All compassionate humans with genuine concern for pets aren’t as empathetic as they ought to be. Unwittingly so. For there is an indiscernible boundary that delineates raw sympathy from sensibly understanding an animal’s needs. This explains why many end up serving their favourite food or decking pets up in human accessories, when the latter clearly is disinterested, bemused, or worse, irritated.
When this is the case with basic necessities like food, imagine the impact of ‘human technology’ in pets’ lives. Are we really trying to simplify their lives through tech or further complicate it? This is where ‘The Dog Internet’ project tries to bridge the human-pet mindset divide.
A group of researchers in Interactive Media, at the University’s Department of Theatre, Film and Television (TFTV), and their counterparts at the University College, Cork and Northumbria University, feel that commercial pet technology is hardly conceived based on the needs and convenience of pets.
“Our primary concern is for the dogs as end users, who are often subjected to technology rather than engaging with it in their own terms. Imagine what would happen if a dog could create digital technology for a human: would we benefit or even understand it?” Dr Ben Kirman, one of the researchers, raises a pertinent question.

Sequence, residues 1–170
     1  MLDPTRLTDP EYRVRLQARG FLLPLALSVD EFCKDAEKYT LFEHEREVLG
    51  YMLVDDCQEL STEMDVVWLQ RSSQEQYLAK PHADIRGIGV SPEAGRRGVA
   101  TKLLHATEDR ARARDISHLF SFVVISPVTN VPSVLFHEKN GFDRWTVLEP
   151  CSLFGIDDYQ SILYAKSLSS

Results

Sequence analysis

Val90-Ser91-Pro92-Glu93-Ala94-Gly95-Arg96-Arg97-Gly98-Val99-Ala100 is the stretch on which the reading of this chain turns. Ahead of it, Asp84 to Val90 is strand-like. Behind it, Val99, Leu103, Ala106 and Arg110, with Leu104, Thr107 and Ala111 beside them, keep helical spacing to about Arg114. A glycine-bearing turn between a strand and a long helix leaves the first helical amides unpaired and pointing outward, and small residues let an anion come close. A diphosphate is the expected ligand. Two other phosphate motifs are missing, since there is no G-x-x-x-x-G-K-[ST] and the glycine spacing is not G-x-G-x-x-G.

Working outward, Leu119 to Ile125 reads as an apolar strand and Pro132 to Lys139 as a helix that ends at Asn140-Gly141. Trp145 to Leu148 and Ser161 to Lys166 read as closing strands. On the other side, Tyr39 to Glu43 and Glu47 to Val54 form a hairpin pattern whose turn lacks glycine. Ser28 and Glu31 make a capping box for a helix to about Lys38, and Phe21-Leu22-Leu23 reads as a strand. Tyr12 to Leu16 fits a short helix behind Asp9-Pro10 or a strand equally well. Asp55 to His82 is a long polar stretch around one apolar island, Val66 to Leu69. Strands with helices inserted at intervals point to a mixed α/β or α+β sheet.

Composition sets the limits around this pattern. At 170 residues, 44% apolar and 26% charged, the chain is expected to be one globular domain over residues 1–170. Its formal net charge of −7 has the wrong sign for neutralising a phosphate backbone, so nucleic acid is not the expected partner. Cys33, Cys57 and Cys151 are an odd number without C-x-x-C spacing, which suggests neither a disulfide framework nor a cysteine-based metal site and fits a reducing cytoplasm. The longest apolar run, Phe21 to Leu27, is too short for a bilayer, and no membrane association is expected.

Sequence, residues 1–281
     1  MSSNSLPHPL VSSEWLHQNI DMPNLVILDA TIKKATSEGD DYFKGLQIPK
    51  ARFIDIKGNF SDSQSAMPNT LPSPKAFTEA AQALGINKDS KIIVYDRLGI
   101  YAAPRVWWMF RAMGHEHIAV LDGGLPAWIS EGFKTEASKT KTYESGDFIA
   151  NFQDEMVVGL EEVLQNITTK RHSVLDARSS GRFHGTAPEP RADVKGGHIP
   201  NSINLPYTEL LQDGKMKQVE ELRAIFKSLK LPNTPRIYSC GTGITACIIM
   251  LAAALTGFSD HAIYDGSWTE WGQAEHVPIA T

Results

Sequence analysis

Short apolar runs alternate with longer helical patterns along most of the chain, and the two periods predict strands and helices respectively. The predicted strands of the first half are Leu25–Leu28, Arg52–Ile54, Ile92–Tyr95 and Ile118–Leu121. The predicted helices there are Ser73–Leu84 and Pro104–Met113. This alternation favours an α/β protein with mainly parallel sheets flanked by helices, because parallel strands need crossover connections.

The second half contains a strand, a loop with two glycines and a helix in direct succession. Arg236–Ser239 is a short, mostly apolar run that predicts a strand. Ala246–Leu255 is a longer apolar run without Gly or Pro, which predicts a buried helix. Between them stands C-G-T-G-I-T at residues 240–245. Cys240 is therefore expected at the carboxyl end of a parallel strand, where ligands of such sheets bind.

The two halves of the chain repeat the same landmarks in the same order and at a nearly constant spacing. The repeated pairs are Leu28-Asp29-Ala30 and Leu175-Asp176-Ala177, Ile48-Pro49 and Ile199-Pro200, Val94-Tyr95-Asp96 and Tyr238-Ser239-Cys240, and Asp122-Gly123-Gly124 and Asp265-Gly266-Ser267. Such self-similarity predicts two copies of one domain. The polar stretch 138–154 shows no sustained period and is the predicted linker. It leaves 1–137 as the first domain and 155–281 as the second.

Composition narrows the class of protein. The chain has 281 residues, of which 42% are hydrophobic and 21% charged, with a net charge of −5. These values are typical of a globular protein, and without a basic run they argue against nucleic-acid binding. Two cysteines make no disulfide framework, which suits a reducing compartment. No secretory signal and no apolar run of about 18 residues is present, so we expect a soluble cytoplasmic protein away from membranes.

“To investigate this further we designed prototypes of dog technologies that do not allow human access … what if the technology permitted only a dog user and the system had to decide if you were a dog or a human?”
The researchers decided to walk the talk and developed a prototype wooden dog kennel with a model golden retriever dog, which would spray mammal secretions. It gets more interesting from here. The secretions can be sensed only by a ‘real user’ – a dog in flesh and blood with a superior sense of smell than humans – and naturally keep humans away. A real dog is thus authenticated as a digital user.
The whole exercise, says Dr Kirman, serves to show the stark contrast between technologies that are designed to benefit the animal and the commercial ones that are largely based on what humans perceive as their pet’s needs.
This is only the beginning. Be rest assured that your dog’s perfect GPS tracking device or a health indicator is just round the corner.